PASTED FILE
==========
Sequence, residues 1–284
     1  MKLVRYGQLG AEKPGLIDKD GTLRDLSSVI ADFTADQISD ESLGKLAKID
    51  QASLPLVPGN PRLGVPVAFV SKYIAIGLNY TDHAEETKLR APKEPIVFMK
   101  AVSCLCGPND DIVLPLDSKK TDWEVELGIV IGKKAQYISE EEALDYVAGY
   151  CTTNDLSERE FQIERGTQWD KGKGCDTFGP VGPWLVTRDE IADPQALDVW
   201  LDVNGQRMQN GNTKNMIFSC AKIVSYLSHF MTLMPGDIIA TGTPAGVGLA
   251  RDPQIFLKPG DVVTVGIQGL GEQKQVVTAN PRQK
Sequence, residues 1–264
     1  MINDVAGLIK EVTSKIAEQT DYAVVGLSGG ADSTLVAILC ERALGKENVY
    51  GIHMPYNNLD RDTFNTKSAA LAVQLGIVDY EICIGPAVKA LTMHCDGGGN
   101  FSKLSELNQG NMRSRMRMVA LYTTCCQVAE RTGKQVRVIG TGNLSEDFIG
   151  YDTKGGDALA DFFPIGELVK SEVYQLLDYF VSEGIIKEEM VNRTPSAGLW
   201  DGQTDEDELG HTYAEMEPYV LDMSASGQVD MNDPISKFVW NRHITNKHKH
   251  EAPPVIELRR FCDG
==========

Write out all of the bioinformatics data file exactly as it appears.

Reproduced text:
Sequence, residues 1–284
     1  MKLVRYGQLG AEKPGLIDKD GTLRDLSSVI ADFTADQISD ESLGKLAKID
    51  QASLPLVPGN PRLGVPVAFV SKYIAIGLNY TDHAEETKLR APKEPIVFMK
   101  AVSCLCGPND DIVLPLDSKK TDWEVELGIV IGKKAQYISE EEALDYVAGY
   151  CTTNDLSERE FQIERGTQWD KGKGCDTFGP VGPWLVTRDE IADPQALDVW
   201  LDVNGQRMQN GNTKNMIFSC AKIVSYLSHF MTLMPGDIIA TGTPAGVGLA
   251  RDPQIFLKPG DVVTVGIQGL GEQKQVVTAN PRQK
Sequence, residues 1–264
     1  MINDVAGLIK EVTSKIAEQT DYAVVGLSGG ADSTLVAILC ERALGKENVY
    51  GIHMPYNNLD RDTFNTKSAA LAVQLGIVDY EICIGPAVKA LTMHCDGGGN
   101  FSKLSELNQG NMRSRMRMVA LYTTCCQVAE RTGKQVRVIG TGNLSEDFIG
   151  YDTKGGDALA DFFPIGELVK SEVYQLLDYF VSEGIIKEEM VNRTPSAGLW
   201  DGQTDEDELG HTYAEMEPYV LDMSASGQVD MNDPISKFVW NRHITNKHKH
   251  EAPPVIELRR FCDG